Thank you so much for sharing this cute Gothic idea!
<p>Thanks <a href="http://www.instructables.com/member/lcourville" rel="nofollow">lcourville</a>! Curves always look better than straight lines, I always say.</p>
Here's an inset wall example from The Log Pod, but you wouldn't go <em>quite </em>so far in.
I'm just curious on how this is gothic.
Fair enough sofia. A gothic arch is a peaked arch - an ogive. In Step 3 I described how the construction method &quot;... formed more of a gothic arch than the catenary curve I was hoping for.&quot; The construction of the pop-hole is an ogive, although I didn't know at the time that was what I was doing! Here are a couple of wiki articles:<br> <a href="http://en.wikipedia.org/wiki/Gothic_architecture" rel="nofollow">http://en.wikipedia.org/wiki/Gothic_architecture</a><br> <a href="http://en.wikipedia.org/wiki/Ogive" rel="nofollow">http://en.wikipedia.org/wiki/Ogive</a>
But you didn't need to know all that about arches did you? My wife always says I give too much info - I have no idea what she means...
That's what I was suspecting but my wife is &quot;goth&quot; &amp; she wanted some clairifacation on it lol. For my two cents I'd have put on a faux stone coating on it &amp; it would be taken up a few thousand notches but that's just me.
Yeah, stone would be great - oooh! and little chicken gargoyles! :] . I am sorry your wife was disappointed: these pics are the best I could do in that theme (dunno if those women qualify as goths, but they are holding a chicken).<br> See these sketches also:&nbsp;<a href="http://whyarchitectsdrink.blogspot.co.nz/2009/04/myrtle-mae-monday-041309-yet-another.html" rel="nofollow">High Gothic cathedral/coop</a>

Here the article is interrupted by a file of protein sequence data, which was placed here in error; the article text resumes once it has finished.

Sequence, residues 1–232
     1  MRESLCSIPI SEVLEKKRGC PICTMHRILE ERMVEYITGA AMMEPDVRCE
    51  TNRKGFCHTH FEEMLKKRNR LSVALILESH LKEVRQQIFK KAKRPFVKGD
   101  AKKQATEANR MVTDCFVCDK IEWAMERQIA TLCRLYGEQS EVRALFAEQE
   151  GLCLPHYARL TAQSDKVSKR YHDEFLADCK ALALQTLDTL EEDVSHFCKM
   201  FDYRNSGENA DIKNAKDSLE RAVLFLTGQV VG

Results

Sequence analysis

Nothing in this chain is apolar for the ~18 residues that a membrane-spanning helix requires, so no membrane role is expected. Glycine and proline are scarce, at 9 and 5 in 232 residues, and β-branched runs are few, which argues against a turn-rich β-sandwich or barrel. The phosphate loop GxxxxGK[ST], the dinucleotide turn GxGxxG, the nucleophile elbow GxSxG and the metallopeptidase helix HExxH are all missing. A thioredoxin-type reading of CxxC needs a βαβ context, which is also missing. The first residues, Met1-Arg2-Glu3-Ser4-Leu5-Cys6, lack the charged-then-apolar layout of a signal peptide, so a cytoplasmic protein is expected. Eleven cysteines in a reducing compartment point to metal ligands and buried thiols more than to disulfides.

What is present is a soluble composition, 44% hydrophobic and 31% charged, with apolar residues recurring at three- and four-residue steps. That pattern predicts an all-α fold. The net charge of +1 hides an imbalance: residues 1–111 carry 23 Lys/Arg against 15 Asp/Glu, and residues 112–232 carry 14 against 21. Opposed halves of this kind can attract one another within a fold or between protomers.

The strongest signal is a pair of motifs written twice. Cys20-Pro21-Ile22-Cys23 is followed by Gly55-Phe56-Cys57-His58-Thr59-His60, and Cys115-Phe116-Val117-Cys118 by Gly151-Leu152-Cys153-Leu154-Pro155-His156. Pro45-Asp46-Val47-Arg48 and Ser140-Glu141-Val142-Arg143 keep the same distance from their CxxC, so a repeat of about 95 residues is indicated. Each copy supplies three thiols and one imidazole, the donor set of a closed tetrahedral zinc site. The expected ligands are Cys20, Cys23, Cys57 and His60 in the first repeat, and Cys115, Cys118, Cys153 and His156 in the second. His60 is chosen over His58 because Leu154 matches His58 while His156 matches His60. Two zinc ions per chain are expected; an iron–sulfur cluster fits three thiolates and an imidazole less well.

Those are awesome pics, I love the gargoyle idea. I think you know what you need to do for your nexy project lol.
Your wife has a peaked arch? Okay!
I would make a comment but there are those on this site that aren't old enough for that kind of humor.
No doubt you've worked really hard and the result is awesome! wish I could make one, but it'll take me years!
I did work hard on this Muhaiminah! I glad you like the results. It wouldn't take you long if you use my hindsight suggestions of precutting the end walls from a template and perhaps kerfing the roof ply so one uncut sheet will bend right over the whole structure. Heck, you possibly wouldn't even need the base frame, although the thinner ply might be a bit flexy without a 50x50mm rail along both sides.
The final result looks good and it seems like you've learned a lot along the way, which is always a good result. <br> <br>Thanks for sharing your project.
Thanks DD. I like your philosophy, and there certainly are several things I'd do differently. Next time, with what I know now, I'll be able to make a <em>catenary </em>coop in a day I reckon. I'd probably do a bigger overhang with the thin ply and not have the corrugated plastic at all.